Women feel more independent and enjoy greater freedom when riding motorcycles as they don't need to wait for family members to drive them to their destinations, said a trainer for female riders.
By Dana Halawi
BEIRUT, Oct. 10 (Xinhua) -- Early in the morning, Mona Remmo, a young Lebanese lady, puts on her helmet and then drives her brothers to school by motorcycle before attending her classes.
Amid a shortage of fuel caused by the country's financial crisis, the Lebanese people usually have to wait for hours in the gas station to fill up the tanks of their cars and motorbikes.
Moreover, the Lebanese pound lost more than 90 percent of its value, resulting in an increase in the cost of gasoline, car maintenance and public transportation, prompting citizens to look for other affordable means of transport.
Unlike two years ago when the crisis did not break out, it is now increasingly common to see young Lebanese women driving their own motorcycles in the street.
"I am very often asked by other young women about the reason for riding a motorcycle and how it feels; I simply said it is convenient, and encourage them to buy their own motorcycles," Remmo told Xinhua.
The young lady explained that the motorcycle has saved her and her brothers a lot of money as the school asks each student to pay 1 million Lebanese pounds (55 U.S. dollars) for the bus service.
"Our family cannot afford the bus service and the school fees at the same time, so we have to reduce our expense for survival," Remmo said.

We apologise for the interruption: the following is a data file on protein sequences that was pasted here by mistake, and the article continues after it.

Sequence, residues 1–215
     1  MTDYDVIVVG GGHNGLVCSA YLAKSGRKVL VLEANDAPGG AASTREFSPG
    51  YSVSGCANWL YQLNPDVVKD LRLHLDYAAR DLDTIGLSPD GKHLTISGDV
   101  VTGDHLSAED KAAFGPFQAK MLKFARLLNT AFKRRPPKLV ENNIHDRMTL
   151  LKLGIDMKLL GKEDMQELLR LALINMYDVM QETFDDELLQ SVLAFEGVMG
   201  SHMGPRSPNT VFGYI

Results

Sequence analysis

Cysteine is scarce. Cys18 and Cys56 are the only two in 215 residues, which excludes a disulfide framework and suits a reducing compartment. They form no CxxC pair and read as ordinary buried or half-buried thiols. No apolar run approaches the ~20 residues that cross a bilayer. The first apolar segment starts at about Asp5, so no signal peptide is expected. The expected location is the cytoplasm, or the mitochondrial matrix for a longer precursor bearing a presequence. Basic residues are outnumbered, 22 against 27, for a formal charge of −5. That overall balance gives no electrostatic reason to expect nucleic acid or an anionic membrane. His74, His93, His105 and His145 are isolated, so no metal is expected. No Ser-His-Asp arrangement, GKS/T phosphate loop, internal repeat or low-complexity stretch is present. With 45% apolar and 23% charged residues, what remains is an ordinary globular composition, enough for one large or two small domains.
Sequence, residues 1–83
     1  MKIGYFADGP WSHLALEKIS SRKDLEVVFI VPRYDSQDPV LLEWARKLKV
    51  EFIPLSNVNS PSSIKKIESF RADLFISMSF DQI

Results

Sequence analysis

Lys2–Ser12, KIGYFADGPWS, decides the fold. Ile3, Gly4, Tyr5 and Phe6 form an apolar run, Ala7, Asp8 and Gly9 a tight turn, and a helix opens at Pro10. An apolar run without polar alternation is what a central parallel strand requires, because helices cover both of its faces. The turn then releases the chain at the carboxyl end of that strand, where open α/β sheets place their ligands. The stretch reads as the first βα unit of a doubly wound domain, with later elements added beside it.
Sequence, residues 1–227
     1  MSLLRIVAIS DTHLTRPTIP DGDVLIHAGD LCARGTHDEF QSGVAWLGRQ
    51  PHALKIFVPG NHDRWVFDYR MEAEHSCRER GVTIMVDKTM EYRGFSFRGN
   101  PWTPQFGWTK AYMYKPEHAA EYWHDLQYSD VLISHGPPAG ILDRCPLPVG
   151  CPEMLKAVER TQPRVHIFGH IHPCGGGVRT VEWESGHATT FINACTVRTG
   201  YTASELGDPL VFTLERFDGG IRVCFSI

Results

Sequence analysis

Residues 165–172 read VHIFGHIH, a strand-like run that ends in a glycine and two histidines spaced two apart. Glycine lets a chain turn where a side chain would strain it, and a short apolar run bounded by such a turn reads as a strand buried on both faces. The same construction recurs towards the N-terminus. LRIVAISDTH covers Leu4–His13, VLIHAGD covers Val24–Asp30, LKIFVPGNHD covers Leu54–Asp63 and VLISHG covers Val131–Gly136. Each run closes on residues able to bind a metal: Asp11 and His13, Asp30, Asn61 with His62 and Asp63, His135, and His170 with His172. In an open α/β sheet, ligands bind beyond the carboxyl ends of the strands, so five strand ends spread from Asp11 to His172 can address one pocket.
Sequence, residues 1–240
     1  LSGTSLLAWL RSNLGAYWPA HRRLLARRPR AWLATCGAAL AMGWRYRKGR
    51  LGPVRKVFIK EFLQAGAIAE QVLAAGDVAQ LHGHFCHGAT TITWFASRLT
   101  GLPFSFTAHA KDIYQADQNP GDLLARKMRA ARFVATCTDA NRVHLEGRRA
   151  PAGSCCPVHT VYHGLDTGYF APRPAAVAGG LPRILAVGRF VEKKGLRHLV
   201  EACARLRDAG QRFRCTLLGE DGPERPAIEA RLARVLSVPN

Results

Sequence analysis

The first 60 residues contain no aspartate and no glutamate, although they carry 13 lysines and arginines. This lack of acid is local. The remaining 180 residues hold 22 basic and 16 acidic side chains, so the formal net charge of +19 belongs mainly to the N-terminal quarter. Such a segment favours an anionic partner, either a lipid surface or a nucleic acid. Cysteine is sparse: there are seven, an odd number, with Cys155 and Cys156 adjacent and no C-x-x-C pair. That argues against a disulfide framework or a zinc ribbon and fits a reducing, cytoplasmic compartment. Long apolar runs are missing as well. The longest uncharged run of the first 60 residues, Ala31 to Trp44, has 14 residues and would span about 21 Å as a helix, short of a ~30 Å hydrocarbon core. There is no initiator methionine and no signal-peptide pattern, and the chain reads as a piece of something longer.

Lebanese women's mounting interest in riding motorcycles gave rise to a new job: trainer for female motorcycle riders.
As a trainer, Amira Saab said she charges 100,000 Lebanese pounds (5 U.S. dollars) per session for teaching young women how to ride motorbikes.
"When I took my driving test five years ago, I was the only woman among dozens of men applying for the license, but the percentage of women seeking to drive a motorcycle today has increased remarkably," Saab told Xinhua.
She believed riding motorbikes encouraged more women to face their fears and social obstacles. "Some ladies expressed fears during the first two sessions but then they got used to it."
Ladies feel more independent and enjoy greater freedom when riding motorcycles as they don't need to wait for family members to drive them to their destinations, she said.
Mohamad Kanso, owner of a motorcycle shop in the Lebanese capital Beirut, told Xinhua that women's demand for motorcycles at his shop increased by 40 percent in 2021.
"Most of the buyers are university students who cannot afford cars, and employees who cannot pay for public transport which has become dramatically expensive following the devaluation of the local currency," he said.